Investment banking careers: An equilibrium theory of overpaid jobs
|Speaker:||Ulf Axelson, LSE|
|Date:||Friday 15 October 2010|
We analyze a general equilibrium labor market model where moral hazard problems are a key concern. We show that variation in moral hazard across types of jobs explains contract terms, work patterns over time, and promotion structures. We explain why high-profile jobs such as investment banking pay more and give higher utility to the employee than other jobs, even if employees have no skill advantage. These jobs also have up-or-out contracts, and inefficiently long hours. Our model also provides a natural theory for promotion to more important tasks after success. We also derive two versions of talent misallocation: High profile employers like investment banks may lure workers whose talent would be more valuable elsewhere, and may reject "overqualified" job applicants - smart workers may be "too hard to manage," because their high outside options make them respond less to .ring incentives. Finally, we extend our model to a dynamic economy with demand shocks and show the following results: Workers entering the labor market in recessions suffer life-long disadvantages in the labor market, temporary demand shocks have long lasting effects on productivity and the composition of the workforce, and moral hazard problems increase in good times for critical sectors in the economy, leading to both higher pay and higher failure rates.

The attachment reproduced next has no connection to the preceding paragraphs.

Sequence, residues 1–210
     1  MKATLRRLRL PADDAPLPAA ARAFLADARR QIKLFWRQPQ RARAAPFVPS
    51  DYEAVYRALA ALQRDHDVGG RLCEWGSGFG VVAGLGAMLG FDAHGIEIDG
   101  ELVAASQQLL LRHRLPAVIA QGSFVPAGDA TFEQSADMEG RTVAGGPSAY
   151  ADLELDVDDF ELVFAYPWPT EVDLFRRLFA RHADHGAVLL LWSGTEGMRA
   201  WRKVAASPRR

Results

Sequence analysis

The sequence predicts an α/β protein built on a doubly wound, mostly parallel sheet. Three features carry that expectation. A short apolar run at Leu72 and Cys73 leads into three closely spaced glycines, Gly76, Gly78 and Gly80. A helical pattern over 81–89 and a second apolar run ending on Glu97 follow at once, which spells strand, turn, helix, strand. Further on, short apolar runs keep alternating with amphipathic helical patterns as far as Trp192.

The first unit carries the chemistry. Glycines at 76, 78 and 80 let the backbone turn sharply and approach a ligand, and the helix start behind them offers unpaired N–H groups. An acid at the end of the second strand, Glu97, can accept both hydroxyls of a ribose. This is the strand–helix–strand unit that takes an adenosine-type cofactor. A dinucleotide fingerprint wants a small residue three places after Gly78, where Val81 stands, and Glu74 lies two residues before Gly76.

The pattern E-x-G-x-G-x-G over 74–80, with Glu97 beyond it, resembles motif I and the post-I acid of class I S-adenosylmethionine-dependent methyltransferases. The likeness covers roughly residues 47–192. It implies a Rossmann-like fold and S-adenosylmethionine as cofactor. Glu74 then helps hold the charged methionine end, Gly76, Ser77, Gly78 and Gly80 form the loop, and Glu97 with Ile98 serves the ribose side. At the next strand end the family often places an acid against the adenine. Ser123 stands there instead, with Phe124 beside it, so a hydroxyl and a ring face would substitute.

Ulf Axelson and Philip Bond